Friday, June 29, 2007

About "The Scandal"

Anyone who molests a child should go to jail, whatever his/her occupation. Anyone who covers up child abuse should go to jail, whatever his/her occupation.

It absolutely infuriates me as a Catholic that certain individuals among the hierarchy shuttled "bad apple" priests from parish to parish for decades fully aware of the problem and allowing it to continue. It is Christian to believe in the forgiveness of sins, but that does not mean putting the allegedly reformed sinner back into the position which he/she abused to begin with!

Studies indicate that Catholic priests are no more likely to be pedophiles than clergy from other religious traditions and actually less likely than similar "helping" occupations such as teacher, child psychologist, sports coach, Scout leader, etc.

So why does one hear more about abuse by Catholic priests than that of other clergy? IMHO the reasons include:

(1) Catholicism is the single largest American denomination. As of 2002, there were over 60,000 active and retired Catholic priests in the U.S. So there's simply a greater number of potential abusers even if the percentage is no higher than other faiths.

(2) The centralized organization of the Catholic Church makes it easier to uncover the records of abuse. Protestant denominations have a much more autonomous structure for each individual congregation. The editor of Christian Ethics Today told The American Baptist Press in January of 2007 that he believed this structure and resulting lack of accountability created a higher risk in Baptist and other Protestant churches: "Most Baptists and nondenominational ministers know that ‘If I get caught, I can move to California and start a new church.’”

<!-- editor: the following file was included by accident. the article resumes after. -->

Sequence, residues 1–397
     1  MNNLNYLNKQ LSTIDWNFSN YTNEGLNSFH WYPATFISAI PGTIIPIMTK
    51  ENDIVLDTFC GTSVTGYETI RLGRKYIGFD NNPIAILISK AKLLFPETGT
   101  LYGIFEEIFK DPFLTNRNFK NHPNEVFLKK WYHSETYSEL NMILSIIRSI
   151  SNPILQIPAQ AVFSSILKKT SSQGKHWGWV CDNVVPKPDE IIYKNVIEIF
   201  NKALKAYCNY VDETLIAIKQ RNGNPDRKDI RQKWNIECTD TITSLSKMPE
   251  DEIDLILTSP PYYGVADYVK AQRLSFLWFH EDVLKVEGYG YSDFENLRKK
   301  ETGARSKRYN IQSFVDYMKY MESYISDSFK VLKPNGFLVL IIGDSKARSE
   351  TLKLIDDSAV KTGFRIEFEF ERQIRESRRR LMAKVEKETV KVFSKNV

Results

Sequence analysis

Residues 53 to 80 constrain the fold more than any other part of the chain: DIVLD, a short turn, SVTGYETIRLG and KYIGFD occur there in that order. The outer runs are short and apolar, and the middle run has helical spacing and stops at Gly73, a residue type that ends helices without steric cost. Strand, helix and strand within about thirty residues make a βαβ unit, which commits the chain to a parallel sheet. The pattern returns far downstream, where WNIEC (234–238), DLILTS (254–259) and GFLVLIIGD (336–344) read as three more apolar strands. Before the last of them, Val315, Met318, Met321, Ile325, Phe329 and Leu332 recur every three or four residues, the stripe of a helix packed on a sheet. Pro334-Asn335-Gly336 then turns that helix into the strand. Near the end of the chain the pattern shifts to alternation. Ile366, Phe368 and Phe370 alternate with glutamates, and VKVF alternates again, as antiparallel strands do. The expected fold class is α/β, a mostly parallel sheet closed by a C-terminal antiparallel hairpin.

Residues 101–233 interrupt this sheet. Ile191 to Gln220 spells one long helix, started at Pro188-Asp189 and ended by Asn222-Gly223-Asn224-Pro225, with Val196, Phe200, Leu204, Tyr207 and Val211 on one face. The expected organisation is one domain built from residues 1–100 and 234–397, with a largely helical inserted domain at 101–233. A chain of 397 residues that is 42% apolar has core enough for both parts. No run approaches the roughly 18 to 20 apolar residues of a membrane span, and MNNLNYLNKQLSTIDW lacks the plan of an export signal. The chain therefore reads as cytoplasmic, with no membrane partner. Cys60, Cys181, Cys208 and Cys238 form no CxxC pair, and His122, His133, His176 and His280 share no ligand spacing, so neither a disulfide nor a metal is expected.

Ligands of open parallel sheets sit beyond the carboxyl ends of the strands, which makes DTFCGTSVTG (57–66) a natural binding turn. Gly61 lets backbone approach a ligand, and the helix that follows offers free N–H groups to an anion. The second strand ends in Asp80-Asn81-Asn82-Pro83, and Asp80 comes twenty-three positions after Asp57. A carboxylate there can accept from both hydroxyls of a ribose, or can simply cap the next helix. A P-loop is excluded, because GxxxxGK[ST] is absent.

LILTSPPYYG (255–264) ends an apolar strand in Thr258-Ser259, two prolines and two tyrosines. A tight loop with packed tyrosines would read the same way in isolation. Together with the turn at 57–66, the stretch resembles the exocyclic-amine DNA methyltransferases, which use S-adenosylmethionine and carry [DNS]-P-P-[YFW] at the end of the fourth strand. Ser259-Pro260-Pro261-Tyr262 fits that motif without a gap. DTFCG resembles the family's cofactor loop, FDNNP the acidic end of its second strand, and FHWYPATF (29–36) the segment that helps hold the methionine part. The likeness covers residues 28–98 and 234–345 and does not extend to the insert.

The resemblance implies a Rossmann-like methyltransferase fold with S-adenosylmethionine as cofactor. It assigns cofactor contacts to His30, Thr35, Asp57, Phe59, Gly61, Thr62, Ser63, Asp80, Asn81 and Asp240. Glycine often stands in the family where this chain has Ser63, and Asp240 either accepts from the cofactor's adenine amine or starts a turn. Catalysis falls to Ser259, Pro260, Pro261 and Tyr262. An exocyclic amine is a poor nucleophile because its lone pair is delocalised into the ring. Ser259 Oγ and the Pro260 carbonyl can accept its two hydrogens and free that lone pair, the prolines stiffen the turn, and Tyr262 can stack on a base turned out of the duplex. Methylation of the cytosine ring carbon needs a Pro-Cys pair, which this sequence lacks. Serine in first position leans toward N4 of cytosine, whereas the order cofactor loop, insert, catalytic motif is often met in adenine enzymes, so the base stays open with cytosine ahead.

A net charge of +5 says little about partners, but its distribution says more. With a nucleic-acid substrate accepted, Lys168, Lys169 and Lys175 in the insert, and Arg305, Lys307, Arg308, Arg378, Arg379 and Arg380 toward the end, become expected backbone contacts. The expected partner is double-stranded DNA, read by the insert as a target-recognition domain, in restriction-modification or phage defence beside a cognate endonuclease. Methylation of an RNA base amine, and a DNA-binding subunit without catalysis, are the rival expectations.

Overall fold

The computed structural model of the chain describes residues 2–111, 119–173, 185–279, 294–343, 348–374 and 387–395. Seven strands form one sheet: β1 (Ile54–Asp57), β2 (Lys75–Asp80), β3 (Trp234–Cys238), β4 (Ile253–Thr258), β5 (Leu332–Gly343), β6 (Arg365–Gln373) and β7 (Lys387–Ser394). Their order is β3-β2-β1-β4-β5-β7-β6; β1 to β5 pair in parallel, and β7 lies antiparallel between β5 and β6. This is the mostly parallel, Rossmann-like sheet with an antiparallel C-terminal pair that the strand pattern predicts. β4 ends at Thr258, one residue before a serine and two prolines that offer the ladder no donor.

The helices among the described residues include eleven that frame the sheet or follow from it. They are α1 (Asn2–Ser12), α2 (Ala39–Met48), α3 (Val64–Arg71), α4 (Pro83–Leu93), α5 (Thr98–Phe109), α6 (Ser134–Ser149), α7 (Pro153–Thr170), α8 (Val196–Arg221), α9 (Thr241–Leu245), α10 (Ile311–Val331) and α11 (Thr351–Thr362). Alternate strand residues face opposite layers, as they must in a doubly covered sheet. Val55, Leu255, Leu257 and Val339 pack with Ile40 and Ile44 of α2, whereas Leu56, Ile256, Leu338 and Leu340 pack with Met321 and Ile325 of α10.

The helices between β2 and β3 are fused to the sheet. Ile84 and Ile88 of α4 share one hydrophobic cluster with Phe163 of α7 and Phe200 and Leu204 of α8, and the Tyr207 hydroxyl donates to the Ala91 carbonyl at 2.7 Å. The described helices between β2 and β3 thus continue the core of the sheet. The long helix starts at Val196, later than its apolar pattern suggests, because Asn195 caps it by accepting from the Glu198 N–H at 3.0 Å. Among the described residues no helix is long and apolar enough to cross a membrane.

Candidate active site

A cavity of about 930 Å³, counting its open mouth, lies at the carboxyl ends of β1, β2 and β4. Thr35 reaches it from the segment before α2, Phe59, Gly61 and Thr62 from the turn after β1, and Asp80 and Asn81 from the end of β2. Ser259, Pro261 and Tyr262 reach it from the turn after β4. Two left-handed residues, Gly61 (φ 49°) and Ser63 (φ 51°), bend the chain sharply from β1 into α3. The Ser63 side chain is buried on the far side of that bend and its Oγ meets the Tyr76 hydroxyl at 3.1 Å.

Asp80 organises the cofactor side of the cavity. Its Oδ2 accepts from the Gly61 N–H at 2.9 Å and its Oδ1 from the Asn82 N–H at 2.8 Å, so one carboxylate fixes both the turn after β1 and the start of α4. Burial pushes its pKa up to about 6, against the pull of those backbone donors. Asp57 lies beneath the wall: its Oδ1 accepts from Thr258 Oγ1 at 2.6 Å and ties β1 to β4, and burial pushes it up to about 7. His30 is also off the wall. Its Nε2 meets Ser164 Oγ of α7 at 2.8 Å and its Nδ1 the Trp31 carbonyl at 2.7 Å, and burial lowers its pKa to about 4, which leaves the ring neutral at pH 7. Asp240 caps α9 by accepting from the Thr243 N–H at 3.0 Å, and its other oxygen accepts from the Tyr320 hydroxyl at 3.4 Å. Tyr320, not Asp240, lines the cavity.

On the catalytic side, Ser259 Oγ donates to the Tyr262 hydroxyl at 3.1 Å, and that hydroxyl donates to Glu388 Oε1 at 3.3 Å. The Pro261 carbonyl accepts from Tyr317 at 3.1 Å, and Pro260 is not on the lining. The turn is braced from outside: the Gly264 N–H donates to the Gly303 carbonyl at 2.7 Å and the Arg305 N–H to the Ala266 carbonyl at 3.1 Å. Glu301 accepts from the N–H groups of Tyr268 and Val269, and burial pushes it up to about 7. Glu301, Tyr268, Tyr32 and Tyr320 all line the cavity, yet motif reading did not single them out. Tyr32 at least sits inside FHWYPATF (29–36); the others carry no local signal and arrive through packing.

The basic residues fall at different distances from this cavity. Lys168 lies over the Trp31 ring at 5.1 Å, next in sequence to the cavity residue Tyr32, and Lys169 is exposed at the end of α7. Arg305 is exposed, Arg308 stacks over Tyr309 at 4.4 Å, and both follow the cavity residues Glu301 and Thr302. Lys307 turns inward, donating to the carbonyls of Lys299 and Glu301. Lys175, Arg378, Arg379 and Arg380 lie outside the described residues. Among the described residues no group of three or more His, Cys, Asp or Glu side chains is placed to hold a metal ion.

(3) The anti-Catholic bias in the elite media. A 1980 study by Robert Lichter of the Center for Media and Public Affairs found that of the 286 most influential journalists at the time, fully half "eschewed any religious affiliation" and 86 percent seldom or never attended religious services. In 1995, Lichter did a follow-up and found that the number attending religious services once per month or more had increased somewhat, to 30%. By contrast, among the U.S. population in general more than half attend at least once per month and 44% attend on a weekly basis. It is clear that as a group, journalists are much less religious than the American public and this definitely plays into the biased coverage of the Church.

I'm not going to sit here and defend the actions of certain individuals in the Church hierarchy. However, I do think that it's a serious error to blame the Church as a whole for a handful of "bad apples". Humans make mistakes, even bishops and cardinals. That doesn't excuse them from the consequences of those mistakes (which I believe should absolutely include prison time when warranted). But it isn't a problem with the underlying teachings of the Church such as priestly celibacy.


Headmistress, zookeeper said...

I agree.

ALL helping professions have a higher rate of creeps because creeps are predators and they follow the prey and use camoflage. This tells us something about creeps and something about our need to be wary- not about the helping professions.

And while I don't agree with the Catholic church's teachings on celibacy, if 'celibacy' and not sinful perversion were really the issue, these people would be having affairs with adult women, not molesting children, often of the same sex.

Does the media really believe that if the Catholic church allowed the clergy to marry yesterday, these nasty creeps would suddenly prefer adult women over little boys and girls?

Crimson Wife said...

Thanks for your comment!

About celibacy for priests, it's actually a discipline of the Catholic Church rather than doctrine. The Byzantine (Eastern Catholic) Rite allows married men to be ordained as priests, though priests cannot marry *after* their ordination. Also, Episcopalian/Anglican priests who choose to convert to Catholicism can be married. I would not be surprised if at some point the Vatican decided to change Canon Law to make the Roman Rite the same as the Byzantine Rite and I would support it.

Our parish has a wonderful deacon who I'm sure would become a priest if he were allowed to and there are probably lots of other similar deacons across the U.S.

The question of whether to allow married men to become ordained priests is, as you rightly point out, a separate issue from how to prevent child abuse by priests. Plenty of pedophiles are married or in some other sort of relationship with an adult woman :-(